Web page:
In May 2015, the Government stopped paying Microsoft for extended Windows XP support, which at the time cost £5.5m.
In February 2016, the Department of Health transferred £950m of its £4.6bn budget for capital projects, such as building works and IT, to revenue budgets to fund the day-to-day activities of NHS bodies.
The shadow health secretary, Jonathan Ashworth, urged the Government to be ‘clear about what’s happened’, describing the attack as ‘terrible news and a real worry for patients’.
Prime Minister Theresa May said: ‘This is not targeted at the NHS, it’s an international attack and a number of countries and organisations have been affected.’
The same malicious software that hit NHS networks attacked some of the largest companies in Russia, Ukraine, Taiwan, Spain and Portugal, including Telefónica, Renault and FedEx. In Germany, railway operator Deutsche Bahn was a high-profile target, with screens at stations showing the ransonware message.
Kaspersky Lab, a cybersecurity company based in Moscow, estimated that 45,000 attacks had been carried out in 99 countries, mostly in Russia, but suggested that the totals could be ‘much, much higher’.
Shortly after the attack began, a 22-year-old web security researcher from Devon known as MalwareTech discovered an effective kill switch by registering a domain name he found in the code of the ransomware. This greatly slowed the spread of the infection, effectively halting the initial outbreak after three days.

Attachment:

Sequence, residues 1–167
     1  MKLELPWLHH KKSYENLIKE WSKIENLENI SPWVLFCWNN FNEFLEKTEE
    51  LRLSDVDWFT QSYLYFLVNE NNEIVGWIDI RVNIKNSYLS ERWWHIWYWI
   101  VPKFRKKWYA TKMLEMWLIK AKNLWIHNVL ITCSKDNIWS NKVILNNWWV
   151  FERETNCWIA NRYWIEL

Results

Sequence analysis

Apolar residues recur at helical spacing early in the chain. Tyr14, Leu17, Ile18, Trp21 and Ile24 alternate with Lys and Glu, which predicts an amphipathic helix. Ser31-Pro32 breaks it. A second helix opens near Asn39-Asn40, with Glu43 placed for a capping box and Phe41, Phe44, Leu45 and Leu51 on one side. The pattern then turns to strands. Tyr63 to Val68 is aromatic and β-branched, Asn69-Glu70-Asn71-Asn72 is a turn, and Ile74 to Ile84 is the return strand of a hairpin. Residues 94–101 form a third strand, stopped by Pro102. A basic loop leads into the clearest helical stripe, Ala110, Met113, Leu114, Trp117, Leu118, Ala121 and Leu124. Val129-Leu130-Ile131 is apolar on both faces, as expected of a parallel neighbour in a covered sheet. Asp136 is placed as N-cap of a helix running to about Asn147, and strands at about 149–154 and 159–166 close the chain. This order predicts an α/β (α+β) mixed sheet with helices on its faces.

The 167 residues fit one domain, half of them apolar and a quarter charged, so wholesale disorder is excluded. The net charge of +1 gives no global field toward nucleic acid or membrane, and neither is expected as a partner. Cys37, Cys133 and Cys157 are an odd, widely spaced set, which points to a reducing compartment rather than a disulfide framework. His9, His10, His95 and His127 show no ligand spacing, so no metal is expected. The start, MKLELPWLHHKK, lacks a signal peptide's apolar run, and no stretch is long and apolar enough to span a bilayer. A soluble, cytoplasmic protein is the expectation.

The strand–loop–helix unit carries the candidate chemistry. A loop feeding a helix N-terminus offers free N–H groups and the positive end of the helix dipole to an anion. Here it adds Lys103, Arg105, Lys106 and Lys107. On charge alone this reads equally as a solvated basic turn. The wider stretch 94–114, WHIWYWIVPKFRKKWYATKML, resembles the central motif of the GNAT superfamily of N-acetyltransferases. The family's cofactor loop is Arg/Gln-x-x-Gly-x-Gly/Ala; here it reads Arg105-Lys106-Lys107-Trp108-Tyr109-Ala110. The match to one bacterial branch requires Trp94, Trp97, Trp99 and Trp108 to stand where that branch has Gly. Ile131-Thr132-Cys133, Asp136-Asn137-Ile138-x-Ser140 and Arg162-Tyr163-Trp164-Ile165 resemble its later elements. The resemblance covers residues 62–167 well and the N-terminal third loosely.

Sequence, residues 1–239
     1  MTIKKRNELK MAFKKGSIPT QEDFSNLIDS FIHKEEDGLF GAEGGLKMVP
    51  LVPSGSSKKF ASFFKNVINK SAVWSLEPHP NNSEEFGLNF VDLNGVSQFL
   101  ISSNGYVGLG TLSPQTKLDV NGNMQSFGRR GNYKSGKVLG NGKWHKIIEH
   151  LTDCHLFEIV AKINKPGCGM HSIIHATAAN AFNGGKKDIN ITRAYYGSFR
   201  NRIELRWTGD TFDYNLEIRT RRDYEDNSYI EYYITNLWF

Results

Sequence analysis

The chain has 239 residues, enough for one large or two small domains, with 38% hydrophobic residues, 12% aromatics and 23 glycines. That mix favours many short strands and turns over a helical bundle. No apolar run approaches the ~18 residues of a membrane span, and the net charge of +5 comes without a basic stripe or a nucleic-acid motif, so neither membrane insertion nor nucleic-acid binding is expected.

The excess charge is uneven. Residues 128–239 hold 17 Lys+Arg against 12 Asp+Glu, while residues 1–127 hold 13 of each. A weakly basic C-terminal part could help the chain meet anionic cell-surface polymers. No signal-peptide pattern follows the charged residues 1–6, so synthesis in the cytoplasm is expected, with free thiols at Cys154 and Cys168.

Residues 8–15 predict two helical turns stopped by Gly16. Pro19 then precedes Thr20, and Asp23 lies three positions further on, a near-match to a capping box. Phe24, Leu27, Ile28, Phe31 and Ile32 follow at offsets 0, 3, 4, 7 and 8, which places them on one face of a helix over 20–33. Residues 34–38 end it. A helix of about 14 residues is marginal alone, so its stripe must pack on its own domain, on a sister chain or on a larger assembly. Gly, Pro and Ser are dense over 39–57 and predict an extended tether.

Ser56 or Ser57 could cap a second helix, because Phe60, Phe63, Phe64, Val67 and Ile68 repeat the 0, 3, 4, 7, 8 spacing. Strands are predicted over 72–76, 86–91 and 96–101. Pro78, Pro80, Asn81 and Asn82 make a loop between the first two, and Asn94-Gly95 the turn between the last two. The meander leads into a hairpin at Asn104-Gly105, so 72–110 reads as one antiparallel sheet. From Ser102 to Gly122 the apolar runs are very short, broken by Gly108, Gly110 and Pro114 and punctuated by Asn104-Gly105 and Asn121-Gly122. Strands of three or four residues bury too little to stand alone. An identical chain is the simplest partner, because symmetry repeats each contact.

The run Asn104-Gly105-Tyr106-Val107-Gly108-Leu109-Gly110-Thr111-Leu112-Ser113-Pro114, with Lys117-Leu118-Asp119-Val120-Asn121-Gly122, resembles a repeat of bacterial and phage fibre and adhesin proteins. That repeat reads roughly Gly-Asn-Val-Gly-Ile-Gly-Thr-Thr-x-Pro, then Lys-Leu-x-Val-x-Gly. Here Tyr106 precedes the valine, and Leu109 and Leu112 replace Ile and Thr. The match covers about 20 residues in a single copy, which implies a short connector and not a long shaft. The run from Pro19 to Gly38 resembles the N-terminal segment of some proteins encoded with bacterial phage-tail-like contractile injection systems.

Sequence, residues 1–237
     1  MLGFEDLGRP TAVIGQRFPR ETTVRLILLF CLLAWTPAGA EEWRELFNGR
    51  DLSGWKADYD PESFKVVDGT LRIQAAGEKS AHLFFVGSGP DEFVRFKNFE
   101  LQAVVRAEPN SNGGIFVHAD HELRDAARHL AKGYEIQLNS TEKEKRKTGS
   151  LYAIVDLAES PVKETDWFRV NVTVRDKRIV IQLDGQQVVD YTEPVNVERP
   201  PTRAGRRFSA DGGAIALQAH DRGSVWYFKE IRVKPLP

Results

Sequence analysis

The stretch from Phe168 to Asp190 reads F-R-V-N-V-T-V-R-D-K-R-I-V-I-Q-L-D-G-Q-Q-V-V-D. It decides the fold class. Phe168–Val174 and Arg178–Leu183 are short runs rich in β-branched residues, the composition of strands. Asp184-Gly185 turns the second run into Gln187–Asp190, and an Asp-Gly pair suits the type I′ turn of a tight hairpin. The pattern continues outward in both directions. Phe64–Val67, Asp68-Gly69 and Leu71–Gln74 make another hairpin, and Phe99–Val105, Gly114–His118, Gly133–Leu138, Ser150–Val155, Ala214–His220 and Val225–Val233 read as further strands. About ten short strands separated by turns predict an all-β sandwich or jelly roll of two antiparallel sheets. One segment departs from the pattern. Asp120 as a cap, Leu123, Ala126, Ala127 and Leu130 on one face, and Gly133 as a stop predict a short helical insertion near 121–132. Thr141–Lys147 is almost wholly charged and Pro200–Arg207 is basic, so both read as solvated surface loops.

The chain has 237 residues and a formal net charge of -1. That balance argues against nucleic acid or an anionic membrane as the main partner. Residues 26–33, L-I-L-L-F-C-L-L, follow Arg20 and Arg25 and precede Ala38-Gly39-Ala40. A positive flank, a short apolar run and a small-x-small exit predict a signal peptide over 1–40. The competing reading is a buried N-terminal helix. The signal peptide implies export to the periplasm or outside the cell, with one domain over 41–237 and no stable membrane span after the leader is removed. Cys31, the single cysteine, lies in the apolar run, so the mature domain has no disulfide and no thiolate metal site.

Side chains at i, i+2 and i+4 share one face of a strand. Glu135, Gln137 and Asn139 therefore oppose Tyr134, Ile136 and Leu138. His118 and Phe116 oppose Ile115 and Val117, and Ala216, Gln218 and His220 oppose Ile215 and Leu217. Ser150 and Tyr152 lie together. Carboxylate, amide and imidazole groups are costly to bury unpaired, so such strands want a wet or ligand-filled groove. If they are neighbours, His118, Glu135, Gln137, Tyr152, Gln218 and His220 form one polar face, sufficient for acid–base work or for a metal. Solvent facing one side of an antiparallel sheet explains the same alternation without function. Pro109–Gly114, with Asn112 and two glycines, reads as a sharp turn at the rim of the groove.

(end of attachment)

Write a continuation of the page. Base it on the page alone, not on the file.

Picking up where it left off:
The Chartered Institute of IT, the Patients Association and the Royal College of Nursing joined forces with Microsoft to produce an outline of the steps NHS trusts should take to avoid another crippling cyber-attack. This included increasing the number of qualified and registered IT professionals and ensuring there are clearly laid out standards for accrediting them.
The NHS contract has now been changed so that NHS organisations are formally required to adopt data security standards as recommended by the independent National Data Guardian for Health and Care, including security training for staff, reviews of processes, and extensive contingency plans to respond to threats to data security.
Last year the Government established the National Cyber Security Centre to spearhead the country’s digital defences. In the six months before February, the centre blocked 34,550 potential attacks targeting UK government departments and members of the public.
On 12 July, the Government announced that investment in data and cyber security will be boosted above £50m and include a new £21m capital fund for major trauma centres. This is part of its response to reviews and consultation feedback after April’s attack. The Government accepted the recommendations in both the National Data Guardian and Care Quality Commission reviews.